It’s sink or swim for sand speed record

Riley Riley

Record-setting motorcycle ace Zef Eisenberg and his MADMAX Race Team have got a new target in their sights.

On the weekend of April 6-7, Eisenberg will attempt to become the first person to achieve a British land speed record on bike and car within the same year.

The goal is to hit 200mph (322km/h) and beyond in an 895kW specially built road legal Porsche 911 Turbo S on sand.

The attempt will take place at Pendine Sands in South Wales.

In May 2018, Eisenberg became the first person to exceed 322km/h with a wheel-driven vehicle, at this world famous speed track.

He reached 324.399km/h on his supercharged Suzuki Hayabusa becoming the ‘fastest motorbike on sand’ in the world, just 20 months after surviving Britain’s fastest-ever, motorcycle crash — at 370km/h.

Eisenberg shouldn’t be alive. He spent three months in hospital, followed by three months in a wheel chair — but defied the odds to race again in under a year.

Since the crash, he’s set numerous records, including an ACU sanctioned flying quarter-mile, flying kilometre and flying mile, on his MADMAX road legal supercharged Suzuki Hayabusa — albeit heavily modified.

This ‘twin’ record attempt, however, is something very different, as is the outrageous car the MADMAX Race Team has built.

“I’m well known for setting records on bikes, so people started asking me why not cars?” Eisenberg said.

So after meticulous research into what would be needed to top 322km/h on sand, Eisenberg settled on a 2015 410kW Porsche 911 Turbo S.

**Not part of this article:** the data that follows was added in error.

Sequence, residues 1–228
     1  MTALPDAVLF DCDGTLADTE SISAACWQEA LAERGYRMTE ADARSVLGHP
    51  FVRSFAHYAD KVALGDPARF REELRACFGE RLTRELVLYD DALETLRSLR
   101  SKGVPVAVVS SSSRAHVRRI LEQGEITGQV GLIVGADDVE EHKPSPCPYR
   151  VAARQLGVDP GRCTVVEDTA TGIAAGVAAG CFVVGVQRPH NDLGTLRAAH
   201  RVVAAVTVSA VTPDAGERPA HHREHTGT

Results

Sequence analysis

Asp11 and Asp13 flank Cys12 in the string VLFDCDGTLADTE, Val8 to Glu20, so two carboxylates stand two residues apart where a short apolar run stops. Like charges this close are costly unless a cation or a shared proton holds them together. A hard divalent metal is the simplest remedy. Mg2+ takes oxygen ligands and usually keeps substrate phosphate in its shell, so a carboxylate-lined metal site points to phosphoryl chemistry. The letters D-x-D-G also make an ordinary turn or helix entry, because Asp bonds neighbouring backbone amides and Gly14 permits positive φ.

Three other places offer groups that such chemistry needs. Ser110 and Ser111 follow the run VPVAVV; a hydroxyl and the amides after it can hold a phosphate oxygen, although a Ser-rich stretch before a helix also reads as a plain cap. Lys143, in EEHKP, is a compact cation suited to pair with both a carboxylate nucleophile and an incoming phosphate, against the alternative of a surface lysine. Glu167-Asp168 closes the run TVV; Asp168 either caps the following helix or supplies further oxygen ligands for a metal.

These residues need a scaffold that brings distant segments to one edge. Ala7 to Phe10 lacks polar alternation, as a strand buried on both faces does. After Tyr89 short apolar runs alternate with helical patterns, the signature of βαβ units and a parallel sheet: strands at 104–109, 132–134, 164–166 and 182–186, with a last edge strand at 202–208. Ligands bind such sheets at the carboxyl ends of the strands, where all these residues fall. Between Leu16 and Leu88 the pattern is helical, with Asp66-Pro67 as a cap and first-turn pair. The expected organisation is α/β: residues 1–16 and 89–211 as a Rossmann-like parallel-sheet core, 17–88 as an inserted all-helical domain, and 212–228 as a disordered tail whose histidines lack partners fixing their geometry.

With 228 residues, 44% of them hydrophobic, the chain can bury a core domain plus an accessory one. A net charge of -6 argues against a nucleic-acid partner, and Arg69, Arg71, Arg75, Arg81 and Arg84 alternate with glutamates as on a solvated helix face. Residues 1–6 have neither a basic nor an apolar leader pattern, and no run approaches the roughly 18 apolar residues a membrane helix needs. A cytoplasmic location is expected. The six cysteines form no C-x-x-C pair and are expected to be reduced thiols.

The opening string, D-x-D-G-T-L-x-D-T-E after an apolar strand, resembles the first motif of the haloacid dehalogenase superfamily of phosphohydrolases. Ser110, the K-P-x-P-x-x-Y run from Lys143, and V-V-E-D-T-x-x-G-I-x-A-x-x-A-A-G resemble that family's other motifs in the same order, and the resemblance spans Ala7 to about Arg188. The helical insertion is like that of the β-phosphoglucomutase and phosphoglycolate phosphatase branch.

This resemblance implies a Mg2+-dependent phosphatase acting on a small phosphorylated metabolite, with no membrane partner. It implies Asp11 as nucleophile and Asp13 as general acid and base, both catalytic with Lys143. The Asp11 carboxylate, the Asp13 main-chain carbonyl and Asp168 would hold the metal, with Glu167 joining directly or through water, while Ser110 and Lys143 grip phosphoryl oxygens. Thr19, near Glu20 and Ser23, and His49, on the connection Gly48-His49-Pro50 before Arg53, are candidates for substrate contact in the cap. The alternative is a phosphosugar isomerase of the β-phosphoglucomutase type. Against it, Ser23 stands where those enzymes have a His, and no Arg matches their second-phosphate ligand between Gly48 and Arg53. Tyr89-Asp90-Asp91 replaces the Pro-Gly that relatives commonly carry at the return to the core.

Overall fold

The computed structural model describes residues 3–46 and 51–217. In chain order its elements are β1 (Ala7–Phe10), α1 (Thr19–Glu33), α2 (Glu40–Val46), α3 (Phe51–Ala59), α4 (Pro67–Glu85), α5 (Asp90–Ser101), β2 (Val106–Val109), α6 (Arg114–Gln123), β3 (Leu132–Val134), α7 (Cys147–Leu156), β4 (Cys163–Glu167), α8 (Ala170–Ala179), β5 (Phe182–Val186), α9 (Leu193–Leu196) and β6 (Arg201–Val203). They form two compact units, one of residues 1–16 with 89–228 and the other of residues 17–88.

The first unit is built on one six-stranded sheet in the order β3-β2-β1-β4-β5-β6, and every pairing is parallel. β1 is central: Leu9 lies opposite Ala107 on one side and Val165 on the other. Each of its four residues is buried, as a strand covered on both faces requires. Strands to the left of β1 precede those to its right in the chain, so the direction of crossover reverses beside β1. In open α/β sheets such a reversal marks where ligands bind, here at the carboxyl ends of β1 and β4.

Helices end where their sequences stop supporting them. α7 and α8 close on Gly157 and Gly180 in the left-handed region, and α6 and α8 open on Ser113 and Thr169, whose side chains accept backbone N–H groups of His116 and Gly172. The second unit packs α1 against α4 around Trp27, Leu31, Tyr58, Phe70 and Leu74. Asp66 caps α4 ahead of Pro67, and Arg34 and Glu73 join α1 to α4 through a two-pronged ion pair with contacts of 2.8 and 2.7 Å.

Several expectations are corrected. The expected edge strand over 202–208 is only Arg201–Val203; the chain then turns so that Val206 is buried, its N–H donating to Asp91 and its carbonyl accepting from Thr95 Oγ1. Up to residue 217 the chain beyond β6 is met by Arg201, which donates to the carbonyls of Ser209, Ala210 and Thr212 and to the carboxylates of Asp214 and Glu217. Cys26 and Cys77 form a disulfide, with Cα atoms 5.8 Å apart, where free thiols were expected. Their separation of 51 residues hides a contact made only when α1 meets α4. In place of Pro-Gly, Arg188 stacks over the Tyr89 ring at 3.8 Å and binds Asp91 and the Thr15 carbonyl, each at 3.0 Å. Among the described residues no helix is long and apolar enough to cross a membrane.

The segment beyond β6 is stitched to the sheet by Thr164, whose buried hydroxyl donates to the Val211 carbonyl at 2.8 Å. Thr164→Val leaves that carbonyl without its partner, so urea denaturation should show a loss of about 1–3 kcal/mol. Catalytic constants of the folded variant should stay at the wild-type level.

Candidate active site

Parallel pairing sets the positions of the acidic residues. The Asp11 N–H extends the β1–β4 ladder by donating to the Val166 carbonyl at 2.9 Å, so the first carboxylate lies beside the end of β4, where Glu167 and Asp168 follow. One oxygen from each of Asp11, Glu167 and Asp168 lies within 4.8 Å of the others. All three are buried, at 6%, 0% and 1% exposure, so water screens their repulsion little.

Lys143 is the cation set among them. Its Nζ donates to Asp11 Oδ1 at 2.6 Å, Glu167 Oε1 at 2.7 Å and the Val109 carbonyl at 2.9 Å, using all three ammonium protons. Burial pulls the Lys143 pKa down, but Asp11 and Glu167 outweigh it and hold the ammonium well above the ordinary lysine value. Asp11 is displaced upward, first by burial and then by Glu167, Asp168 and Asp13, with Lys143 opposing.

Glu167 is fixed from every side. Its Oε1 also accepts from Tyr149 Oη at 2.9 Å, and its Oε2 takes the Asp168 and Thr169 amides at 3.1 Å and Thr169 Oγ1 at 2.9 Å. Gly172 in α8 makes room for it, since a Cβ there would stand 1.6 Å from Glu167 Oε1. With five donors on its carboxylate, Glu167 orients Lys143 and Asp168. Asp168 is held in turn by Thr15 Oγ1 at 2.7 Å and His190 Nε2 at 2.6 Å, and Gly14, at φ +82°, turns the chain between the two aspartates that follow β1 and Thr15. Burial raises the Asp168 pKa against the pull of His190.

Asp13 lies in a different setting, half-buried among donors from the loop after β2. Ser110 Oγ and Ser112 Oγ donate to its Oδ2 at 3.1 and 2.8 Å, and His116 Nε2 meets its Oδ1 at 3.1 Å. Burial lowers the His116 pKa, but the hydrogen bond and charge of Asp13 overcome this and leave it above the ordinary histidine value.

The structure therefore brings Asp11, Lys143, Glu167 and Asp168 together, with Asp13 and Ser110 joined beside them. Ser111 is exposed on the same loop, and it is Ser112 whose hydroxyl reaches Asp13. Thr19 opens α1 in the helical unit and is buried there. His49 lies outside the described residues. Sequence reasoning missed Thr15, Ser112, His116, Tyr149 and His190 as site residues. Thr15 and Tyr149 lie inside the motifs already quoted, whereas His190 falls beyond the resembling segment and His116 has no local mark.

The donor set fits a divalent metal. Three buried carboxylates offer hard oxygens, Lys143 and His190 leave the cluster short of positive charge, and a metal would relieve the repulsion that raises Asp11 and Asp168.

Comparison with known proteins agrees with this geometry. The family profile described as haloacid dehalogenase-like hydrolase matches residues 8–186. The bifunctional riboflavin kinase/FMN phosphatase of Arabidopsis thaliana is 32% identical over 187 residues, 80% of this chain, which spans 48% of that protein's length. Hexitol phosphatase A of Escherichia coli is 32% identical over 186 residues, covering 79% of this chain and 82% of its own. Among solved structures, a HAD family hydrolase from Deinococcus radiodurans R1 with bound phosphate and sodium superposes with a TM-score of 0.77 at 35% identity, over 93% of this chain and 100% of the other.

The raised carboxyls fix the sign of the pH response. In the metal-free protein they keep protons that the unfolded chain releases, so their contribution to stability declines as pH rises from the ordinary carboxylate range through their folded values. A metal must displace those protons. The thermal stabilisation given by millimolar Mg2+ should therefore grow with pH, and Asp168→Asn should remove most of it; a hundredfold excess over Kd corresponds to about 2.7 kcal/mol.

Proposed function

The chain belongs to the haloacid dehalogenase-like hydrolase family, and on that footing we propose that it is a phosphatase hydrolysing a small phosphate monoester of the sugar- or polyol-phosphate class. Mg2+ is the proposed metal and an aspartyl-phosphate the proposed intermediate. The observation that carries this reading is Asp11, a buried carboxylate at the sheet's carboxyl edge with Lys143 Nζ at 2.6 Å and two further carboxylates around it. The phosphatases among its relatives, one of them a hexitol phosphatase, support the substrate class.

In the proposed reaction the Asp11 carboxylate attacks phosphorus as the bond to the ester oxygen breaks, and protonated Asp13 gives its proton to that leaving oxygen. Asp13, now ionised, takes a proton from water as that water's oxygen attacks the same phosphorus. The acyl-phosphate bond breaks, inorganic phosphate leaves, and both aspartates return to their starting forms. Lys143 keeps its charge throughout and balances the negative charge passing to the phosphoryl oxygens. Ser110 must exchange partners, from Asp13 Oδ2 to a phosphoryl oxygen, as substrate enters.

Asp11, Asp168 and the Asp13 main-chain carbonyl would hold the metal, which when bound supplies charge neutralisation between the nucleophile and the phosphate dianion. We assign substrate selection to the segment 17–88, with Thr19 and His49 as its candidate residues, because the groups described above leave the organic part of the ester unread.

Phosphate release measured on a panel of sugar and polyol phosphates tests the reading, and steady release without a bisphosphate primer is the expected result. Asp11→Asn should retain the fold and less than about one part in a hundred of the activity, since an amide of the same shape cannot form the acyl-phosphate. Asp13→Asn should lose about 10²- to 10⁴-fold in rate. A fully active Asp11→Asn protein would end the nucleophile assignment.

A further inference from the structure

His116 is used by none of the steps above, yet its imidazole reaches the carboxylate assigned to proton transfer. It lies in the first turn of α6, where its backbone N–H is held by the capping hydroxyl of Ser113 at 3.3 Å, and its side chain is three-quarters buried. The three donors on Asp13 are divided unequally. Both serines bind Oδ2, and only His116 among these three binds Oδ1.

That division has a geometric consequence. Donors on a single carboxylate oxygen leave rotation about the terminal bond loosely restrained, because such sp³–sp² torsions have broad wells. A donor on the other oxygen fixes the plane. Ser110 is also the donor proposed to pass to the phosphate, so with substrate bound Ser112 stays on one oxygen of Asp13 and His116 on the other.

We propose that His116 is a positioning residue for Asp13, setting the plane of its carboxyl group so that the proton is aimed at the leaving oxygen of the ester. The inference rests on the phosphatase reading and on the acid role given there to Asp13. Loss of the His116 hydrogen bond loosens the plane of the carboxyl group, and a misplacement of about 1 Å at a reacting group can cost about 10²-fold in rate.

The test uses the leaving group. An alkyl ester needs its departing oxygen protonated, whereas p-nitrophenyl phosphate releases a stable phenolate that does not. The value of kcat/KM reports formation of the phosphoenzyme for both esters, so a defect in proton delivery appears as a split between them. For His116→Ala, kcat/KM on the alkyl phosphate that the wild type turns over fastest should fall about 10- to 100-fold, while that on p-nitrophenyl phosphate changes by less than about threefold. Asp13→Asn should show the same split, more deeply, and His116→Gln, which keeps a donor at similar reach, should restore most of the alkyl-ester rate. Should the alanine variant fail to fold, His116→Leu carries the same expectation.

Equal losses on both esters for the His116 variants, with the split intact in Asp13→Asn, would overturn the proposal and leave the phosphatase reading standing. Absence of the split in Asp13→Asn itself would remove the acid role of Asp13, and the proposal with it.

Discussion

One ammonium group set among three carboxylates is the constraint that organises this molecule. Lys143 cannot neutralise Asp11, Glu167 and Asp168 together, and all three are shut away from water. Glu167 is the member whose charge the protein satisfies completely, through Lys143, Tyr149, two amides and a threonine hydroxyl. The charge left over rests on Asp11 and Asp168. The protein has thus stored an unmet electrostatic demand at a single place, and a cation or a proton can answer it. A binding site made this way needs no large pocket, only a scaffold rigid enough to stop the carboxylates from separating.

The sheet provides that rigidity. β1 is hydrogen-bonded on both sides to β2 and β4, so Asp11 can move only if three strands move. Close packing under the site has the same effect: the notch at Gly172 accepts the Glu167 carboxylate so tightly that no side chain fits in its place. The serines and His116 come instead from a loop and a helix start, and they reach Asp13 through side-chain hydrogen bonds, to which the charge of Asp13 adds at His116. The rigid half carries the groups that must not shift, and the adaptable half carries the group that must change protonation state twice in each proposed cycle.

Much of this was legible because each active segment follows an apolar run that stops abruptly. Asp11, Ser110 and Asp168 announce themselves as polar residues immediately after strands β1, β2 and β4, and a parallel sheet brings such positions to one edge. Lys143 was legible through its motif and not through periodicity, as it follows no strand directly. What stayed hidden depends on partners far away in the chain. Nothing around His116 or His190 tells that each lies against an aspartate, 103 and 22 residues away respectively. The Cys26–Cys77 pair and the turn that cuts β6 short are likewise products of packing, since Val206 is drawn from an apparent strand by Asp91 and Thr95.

There was just one problem: although this car is very fast, it will ‘only reach 282km/h in 1.6km on tarmac.

To achieve 322km/h on tarmac, the car needed 560kW at the wheels.

Sand creates a lot of resistance and tyre slip, so the team worked out it would need at least 746kW at the rear wheels, which equates to a crazy 895kW at the engine — more than twice its original output.

The MADMAX team have built a bespoke 4.2-litre Porsche motorsport engine with new stronger internals, upgraded turbos, plus a new E85 fuel system, advanced cooling set-up and far more.

A lot of work was done to ensure that the monstrous power would come in as smoothly as possible in order to limit wheelspin on the loose surface.

To cope with such an extreme output, the gearbox and clutch needed to be extensively upgraded, and the brakes and suspension modified to allow for different wheels and tyres.

Apart from a full FIA roll cage, competition seats and safety harness, the Porsche’s interior is completely standard.

“Weight is actually your friend on sand,” Eisenberg. said.

“It’s about stability – putting enough weight on the tyres to increase traction. Even though, we have accidentally made the car 140kg lighter than standard, we have no need to strip weight out.

“The car is actually road legal, so we will drive it from the hotel onto the beach and to the restaurant after, hopefully to celebrate.”

For the two-wheeled part of the record, Eisenberg will be riding his specially built 260kW supercharged Suzuki ‘MADMAX’ Hayabusa.

The Pendine attempt comes 55 years after John Surtees won the Formula 1 title, becoming the first – and so far only – man to win the world championship on two wheels and four.

It was also in 1964 that Donald Campbell CBE became the first man to set speed records on both land and water in the same year.

Pendine is the same venue that Sir Malcolm Campbell raced his aero engine Bluebird to a maximum speed of 280km/h way back in 1927.

“I’ve well and truly caught the speed addiction. It’s in my blood. Each run itself might only be between 25 and 40 seconds, but a new record is just the icing on the cake, after years of research and experimentation. Those who are addicted to speed, will understand – it’s all about the quest to overcome the challenge and battle the laws of physics.”

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